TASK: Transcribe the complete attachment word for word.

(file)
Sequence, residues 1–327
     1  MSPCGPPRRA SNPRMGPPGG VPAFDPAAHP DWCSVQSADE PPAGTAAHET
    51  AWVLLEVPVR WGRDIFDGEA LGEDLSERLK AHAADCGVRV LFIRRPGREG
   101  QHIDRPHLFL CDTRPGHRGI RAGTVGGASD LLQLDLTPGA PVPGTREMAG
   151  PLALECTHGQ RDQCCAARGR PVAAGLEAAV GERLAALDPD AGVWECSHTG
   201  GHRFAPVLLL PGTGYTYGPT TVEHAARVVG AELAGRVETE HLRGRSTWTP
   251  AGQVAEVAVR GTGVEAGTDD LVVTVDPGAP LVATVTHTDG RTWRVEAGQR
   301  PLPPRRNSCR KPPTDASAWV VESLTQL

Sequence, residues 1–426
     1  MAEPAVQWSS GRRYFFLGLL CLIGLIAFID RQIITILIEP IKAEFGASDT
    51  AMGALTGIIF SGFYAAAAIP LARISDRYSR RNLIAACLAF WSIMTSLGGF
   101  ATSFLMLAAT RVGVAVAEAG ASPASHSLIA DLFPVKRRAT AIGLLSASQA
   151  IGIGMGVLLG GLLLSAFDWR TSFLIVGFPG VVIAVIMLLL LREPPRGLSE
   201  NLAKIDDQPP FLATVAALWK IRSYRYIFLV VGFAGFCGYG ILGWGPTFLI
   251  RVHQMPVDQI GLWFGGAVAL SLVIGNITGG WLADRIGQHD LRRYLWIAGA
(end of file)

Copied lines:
Sequence, residues 1–327
     1  MSPCGPPRRA SNPRMGPPGG VPAFDPAAHP DWCSVQSADE PPAGTAAHET
    51  AWVLLEVPVR WGRDIFDGEA LGEDLSERLK AHAADCGVRV LFIRRPGREG
   101  QHIDRPHLFL CDTRPGHRGI RAGTVGGASD LLQLDLTPGA PVPGTREMAG
   151  PLALECTHGQ RDQCCAARGR PVAAGLEAAV GERLAALDPD AGVWECSHTG
   201  GHRFAPVLLL PGTGYTYGPT TVEHAARVVG AELAGRVETE HLRGRSTWTP
   251  AGQVAEVAVR GTGVEAGTDD LVVTVDPGAP LVATVTHTDG RTWRVEAGQR
   301  PLPPRRNSCR KPPTDASAWV VESLTQL

Sequence, residues 1–426
     1  MAEPAVQWSS GRRYFFLGLL CLIGLIAFID RQIITILIEP IKAEFGASDT
    51  AMGALTGIIF SGFYAAAAIP LARISDRYSR RNLIAACLAF WSIMTSLGGF
   101  ATSFLMLAAT RVGVAVAEAG ASPASHSLIA DLFPVKRRAT AIGLLSASQA
   151  IGIGMGVLLG GLLLSAFDWR TSFLIVGFPG VVIAVIMLLL LREPPRGLSE
   201  NLAKIDDQPP FLATVAALWK IRSYRYIFLV VGFAGFCGYG ILGWGPTFLI
   251  RVHQMPVDQI GLWFGGAVAL SLVIGNITGG WLADRIGQHD LRRYLWIAGA